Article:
When a friend, family member, or colleague is be struggling with mental health issues, they may be feeling alone. Support from a friend like you is even more important.
A mental-health ally is someone who actively provides support—creating a pathway to safety for those who are struggling with mental health issues. Here’s some expert advice for how to be part of the solution for different people in your life.
Show up as curious and compassionate, says Dr. Monica O’Neal, a clinical psychologist and relationship expert. If your friend seems distant and you suspect mental health issues are at play, let them know you’re available if they want to talk. Offer to help with whatever they need, be it picking up groceries or making calls. If they are open to therapy, you might share the names of counselors you know and trust.
With colleagues, adopt a more subtle approach, says Dr. Rachel Conrad, director of young adult mental health in the Department of Psychiatry at Brigham and Women’s Hospital. Invite them to lunch or for coffee walks to help break up the day. Ask questions in a non-accusatory way. Use statements like, “I get the sense that you might’ve been having a tough go at it recently,” says O’Neal. Be an advocate within your workplace for a health-care plan that provides adequate mental health benefits.
It can be complicated to offer help when family dynamics, historical roles, and cultural background are at play. “Often, non-judgmental listening is both the most difficult and most valuable thing a family member can offer,” says Conrad. Use supportive statements that show you’re open and caring, such as, “Anyone would be struggling in your circumstances,” or “I wish that I could take this pain away,” and “I want to be helpful to you,” to show that you are there for them no matter what.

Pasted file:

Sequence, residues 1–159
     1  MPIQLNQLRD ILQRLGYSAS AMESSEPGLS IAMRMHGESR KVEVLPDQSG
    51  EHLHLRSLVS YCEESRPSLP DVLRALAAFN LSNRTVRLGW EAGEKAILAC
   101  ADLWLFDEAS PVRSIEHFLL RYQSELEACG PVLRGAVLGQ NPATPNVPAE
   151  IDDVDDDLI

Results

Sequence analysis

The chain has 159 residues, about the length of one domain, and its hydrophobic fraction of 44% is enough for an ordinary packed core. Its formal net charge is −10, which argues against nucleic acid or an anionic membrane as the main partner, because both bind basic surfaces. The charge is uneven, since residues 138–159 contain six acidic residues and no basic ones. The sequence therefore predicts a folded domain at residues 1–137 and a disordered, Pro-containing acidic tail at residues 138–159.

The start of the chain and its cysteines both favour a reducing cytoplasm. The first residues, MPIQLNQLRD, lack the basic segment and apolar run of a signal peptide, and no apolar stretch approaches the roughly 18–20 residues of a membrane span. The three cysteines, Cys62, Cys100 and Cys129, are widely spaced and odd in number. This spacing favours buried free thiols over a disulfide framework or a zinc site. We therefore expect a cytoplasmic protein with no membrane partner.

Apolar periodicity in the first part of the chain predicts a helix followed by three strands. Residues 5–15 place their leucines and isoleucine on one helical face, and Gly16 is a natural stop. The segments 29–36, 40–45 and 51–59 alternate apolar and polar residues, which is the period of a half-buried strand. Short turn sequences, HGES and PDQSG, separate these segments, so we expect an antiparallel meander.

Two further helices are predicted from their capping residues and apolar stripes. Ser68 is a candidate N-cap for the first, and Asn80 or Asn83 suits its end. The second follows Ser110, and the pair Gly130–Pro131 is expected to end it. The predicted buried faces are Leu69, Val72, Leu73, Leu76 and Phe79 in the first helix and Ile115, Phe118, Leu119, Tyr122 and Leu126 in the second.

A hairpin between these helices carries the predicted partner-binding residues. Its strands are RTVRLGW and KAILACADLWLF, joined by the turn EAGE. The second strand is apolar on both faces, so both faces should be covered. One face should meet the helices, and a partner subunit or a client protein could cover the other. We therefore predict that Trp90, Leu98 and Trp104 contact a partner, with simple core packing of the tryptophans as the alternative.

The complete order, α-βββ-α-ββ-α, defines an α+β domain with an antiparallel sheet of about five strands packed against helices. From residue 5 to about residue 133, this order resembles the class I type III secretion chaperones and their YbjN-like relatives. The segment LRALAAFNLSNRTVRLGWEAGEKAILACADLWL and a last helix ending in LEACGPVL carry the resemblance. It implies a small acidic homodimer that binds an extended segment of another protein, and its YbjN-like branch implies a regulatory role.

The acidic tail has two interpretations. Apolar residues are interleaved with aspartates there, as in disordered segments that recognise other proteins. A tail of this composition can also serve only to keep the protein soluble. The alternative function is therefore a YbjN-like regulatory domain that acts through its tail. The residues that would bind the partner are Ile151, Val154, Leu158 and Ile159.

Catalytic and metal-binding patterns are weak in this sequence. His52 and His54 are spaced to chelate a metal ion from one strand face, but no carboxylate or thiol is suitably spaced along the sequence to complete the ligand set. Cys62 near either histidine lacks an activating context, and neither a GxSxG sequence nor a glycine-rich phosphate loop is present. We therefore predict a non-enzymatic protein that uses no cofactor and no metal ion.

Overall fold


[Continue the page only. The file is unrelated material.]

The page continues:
“Partners may interpret low energy, loss of interest, or emotional absence as a reflection of lackluster feelings toward the relationship,” but that’s not always the case, says Conrad. Instead, ask your partner to be open about their symptoms—even if they are uncomfortable ones. Ask questions in a loving and compassionate way. One suggestion is simply saying “I’m noticing this,” in a non-judgmental way. And it helps to establish a routine to regularly check in with each other open and honestly about mental health issues, says Conrad.
If anyone in your life mentions dying or wishing that they weren’t alive, demonstrates sudden changes in personality, sleep or behavior, or provides reason to suspect they might harm themselves or someone else, seek professional help immediately. Call the National Suicide Prevention Lifeline at 1-800-273-8255.